The Federal Government is urging aged care providers, peak bodies and consumers to have their say on the development of a new framework for delivering care to older Australians with diverse needs.
Early experiences of CDC in Australia highlight the potential of the new system to exacerbate inequalities and the limits of the government’s consumer choice rhetoric in aged care, writes Dr Beatriz Cardona.
We’re excited the government is developing a diversity framework to cover the needs of LGBTI, Aboriginal and CALD seniors in aged care and hope it will reflect input from the groups it aims to support, writes Peter Worland.
The government is working with sector stakeholders and consumers on a new diversity framework to ensure seniors who have special needs are adequately cared for in the aged care system, Australian Ageing Agenda has confirmed.
As digital health services become mainstream there are opportunities to improve care and support for culturally and linguistically diverse seniors, but low levels of digital and health literacy mean they risk missing out, a provider says.
New ethno-specific aged care services and community-based programs are among the expansion plans for the new organisation resulting from a merger between Victorian providers DutchCare and New Hope Foundation.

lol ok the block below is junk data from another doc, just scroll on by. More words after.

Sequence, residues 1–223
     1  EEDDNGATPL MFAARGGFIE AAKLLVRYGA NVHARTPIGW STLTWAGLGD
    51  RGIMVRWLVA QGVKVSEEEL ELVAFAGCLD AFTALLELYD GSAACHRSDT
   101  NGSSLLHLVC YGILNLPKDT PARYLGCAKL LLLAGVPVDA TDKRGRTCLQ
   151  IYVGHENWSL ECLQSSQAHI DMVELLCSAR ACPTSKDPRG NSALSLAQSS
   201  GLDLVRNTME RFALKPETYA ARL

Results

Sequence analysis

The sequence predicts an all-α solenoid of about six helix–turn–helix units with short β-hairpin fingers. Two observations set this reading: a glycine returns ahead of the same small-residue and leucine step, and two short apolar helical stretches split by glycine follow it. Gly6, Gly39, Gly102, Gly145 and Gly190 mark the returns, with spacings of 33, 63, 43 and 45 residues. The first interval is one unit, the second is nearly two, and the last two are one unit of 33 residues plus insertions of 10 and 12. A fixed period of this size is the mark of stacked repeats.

Issues around access to services, exercising choice and navigating the NDIS are among the challenges that persist for culturally and linguistically diverse (CALD) seniors, says Angela Quero.
New research is investigating the experience of people with dementia under a consumer directed aged care model.
A demographic mismatch between culturally and linguistically diverse client groups and the current migrant workforce will require the sector to take a closer look at how it provides culturally appropriate care and manages its workforce.
Work on a new strategic agenda to advance research on ageing and aged care for culturally and linguistically diverse (CALD) seniors is now underway, following a national roundtable at Parliament House yesterday.
Despite having made significant inroads in recognising diversity, increasing the responsiveness of aged care policies and empowering culturally and linguistically diverse communities, the fight is not over, Mary Patetsos tells AAA.
Current predictions are that by 2021, one in three seniors will have been born outside Australia. Jenny Bray outlines strategies for community care providers and their staff to achieve cultural competency.
The benefits of ethno-specific aged care on the wellbeing of CALD seniors will be measured in a new study that aims to guide the future development of services.
The predictions from some quarters that indigenous and CALD clients would not understand or be wary of the move to consumer directed care have been shown to be unfounded, says CEO.